A game’s player just made a fortune by selling off his in-game real estate. That’s $635 thousand in real money, before taxes. This guy wasn’t one of the people who made and ran the game, either, he’s just someone who plays it.
Oh, brave new world, that has such financial opportunities in it. The Internet has definitely changed everything, so who knows what we’ll be in ten years because of it?
Well, I wanted to have something clever and interesting for everyone today, but I’m afraid that I can’t find anything in my news resources worth sharing with you and really nothing worth saying at all. So that’s it. This is the end of all blogs forever, from everyone. Of all time.
Seriously, though, that’s the real beauty of the Internet, when you think about it: As long as you’re willing to keep your eyes open, you’re sure to find something worth your time. There might not be anything interesting to you today, but you never know what’s going to happen tomorrow. Someone somewhere, maybe on the other side of the world may come out with something so ultimate that you’ve been waiting for it your entire life – even if you never knew it before you find out about it tomorrow.
Everybody’s working on something, so you’re never going to run out of things to learn and do for very long. This sounds very prosaic, but it’s true nonetheless. The Internet is all about connecting with others so that you can learn things that you wouldn’t have access to without it, literally tying the world together in a much smaller circle than the 6,371.0-6,378.1 kilometer (according to Wikipedia) dirtball that we’re all on.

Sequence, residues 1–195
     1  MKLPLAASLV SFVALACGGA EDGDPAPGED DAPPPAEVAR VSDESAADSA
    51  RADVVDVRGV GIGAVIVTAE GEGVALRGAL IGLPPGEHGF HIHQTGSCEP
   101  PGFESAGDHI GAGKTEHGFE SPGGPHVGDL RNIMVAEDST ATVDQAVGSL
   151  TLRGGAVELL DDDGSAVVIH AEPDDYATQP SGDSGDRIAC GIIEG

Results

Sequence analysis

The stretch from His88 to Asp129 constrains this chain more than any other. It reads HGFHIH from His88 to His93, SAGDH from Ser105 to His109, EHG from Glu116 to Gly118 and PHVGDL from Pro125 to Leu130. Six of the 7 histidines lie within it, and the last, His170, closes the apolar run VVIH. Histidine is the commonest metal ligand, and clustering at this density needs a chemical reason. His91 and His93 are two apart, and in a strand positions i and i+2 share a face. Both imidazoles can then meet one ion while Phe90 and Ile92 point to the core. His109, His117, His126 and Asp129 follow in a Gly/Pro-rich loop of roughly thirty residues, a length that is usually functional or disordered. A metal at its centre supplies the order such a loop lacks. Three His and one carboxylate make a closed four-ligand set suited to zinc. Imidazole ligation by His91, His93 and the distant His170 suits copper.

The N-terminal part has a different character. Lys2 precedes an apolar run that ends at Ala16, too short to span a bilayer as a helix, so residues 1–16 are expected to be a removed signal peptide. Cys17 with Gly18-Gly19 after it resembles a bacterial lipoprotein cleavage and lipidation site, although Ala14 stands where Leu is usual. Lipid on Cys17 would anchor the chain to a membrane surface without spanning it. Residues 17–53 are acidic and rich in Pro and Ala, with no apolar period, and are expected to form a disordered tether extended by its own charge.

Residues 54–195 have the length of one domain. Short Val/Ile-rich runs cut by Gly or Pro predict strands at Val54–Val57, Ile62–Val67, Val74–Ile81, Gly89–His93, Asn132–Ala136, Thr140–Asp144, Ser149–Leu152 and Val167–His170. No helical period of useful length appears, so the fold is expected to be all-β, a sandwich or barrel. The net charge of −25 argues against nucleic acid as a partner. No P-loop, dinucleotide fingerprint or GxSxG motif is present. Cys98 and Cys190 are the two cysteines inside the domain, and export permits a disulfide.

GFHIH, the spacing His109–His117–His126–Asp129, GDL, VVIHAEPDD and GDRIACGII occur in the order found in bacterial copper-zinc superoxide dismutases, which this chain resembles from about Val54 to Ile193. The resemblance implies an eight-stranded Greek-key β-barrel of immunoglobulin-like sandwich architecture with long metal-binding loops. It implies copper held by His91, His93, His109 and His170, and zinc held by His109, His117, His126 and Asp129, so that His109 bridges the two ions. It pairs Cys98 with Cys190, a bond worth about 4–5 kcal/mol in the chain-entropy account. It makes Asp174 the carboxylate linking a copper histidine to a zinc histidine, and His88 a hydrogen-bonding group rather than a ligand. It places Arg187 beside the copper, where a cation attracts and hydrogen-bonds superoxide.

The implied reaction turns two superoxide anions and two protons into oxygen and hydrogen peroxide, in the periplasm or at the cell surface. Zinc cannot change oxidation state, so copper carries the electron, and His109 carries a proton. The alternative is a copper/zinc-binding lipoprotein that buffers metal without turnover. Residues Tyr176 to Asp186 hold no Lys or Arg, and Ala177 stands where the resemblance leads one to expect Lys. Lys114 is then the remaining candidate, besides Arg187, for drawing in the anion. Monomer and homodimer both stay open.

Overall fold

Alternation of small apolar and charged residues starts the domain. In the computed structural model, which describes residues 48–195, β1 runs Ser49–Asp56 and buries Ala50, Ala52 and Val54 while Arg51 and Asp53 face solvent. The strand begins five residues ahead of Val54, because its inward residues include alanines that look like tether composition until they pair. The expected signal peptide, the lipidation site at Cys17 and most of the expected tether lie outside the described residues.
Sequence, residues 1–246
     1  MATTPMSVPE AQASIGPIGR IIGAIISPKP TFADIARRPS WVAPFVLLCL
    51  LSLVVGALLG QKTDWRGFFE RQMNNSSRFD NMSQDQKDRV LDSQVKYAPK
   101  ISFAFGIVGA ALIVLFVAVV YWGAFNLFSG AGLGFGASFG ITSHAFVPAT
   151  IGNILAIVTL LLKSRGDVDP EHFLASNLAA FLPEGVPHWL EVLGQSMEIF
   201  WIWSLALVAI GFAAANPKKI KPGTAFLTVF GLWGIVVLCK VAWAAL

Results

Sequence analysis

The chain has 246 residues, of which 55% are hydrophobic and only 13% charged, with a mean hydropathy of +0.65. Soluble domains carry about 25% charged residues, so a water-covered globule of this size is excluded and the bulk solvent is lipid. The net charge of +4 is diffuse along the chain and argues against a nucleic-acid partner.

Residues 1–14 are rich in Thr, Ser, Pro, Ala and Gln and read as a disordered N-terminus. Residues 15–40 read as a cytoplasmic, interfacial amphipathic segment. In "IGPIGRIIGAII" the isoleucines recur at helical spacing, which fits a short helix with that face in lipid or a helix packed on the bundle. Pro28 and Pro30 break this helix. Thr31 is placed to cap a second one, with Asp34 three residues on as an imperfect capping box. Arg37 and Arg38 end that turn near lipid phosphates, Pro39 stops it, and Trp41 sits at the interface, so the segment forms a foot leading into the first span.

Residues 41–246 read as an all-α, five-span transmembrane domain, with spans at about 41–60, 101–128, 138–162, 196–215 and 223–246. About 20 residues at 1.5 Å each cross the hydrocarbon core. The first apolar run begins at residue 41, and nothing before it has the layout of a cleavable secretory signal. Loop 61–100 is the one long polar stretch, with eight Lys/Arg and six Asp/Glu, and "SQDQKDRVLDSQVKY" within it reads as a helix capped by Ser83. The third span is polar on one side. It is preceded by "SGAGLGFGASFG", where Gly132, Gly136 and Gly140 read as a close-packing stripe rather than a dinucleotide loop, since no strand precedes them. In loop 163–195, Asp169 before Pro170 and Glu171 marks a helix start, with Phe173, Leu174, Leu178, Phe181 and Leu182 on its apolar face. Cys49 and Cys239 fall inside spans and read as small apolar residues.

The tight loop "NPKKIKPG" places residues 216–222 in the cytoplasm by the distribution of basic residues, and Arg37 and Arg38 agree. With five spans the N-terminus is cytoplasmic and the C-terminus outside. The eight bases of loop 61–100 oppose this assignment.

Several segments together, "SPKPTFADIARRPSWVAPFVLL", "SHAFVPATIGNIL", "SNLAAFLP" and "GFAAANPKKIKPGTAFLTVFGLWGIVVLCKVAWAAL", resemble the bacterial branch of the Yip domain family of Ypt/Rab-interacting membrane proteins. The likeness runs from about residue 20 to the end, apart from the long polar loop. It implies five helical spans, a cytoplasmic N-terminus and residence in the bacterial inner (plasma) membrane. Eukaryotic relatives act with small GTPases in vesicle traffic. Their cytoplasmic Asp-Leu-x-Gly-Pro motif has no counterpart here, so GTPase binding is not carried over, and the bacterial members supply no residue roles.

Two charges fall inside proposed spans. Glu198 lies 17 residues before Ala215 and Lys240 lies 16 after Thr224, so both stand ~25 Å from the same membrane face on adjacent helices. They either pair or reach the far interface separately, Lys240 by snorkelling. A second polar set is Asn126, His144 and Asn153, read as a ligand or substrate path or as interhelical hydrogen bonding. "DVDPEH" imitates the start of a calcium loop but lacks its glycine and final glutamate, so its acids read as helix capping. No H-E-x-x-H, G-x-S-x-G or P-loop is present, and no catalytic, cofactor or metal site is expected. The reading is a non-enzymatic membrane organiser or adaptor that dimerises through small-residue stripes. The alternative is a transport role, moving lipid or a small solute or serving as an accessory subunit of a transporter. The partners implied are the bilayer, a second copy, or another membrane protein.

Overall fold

So, we’ll see you later, because you never know what tomorrow’s going to bring.
How do you bring down a giant? Get him to pick a fight with a bigger giant. And that’s just what Google’s done. They’re suing the U.S. government for awarding a contract to their competitors rather than them.
Now, the problem is this: court cases involving two powerful opponents (or one powerful and one very stubborn) always get ugly. It’s very possible that this will wind up breaking Google’s monopoly on a lot of things. I think it’s even likely, because the whole question of the case turns on whether or not they have a right to demand a monopoly from the government.
Google’s been getting into a lot of trouble lately for being too much of a Big Brother element in our lives. So, naturally, they’re now challenging the one institution that can equal them in terms of how much it’s poking it’s nose in people’s lives. The difference is that Google doesn’t run the courts, the government – the one they’re challenging – does. A fair fight? Probably not. One that Google started? Definitely.
All in all, I’d say that this is probably the biggest mistake that Google’s ever made and perhaps ever will make. What I want to know is what were they thinking when they decided this was a good idea?
Does anybody out there see a way they can survive this? ‘Cause I’d love to know.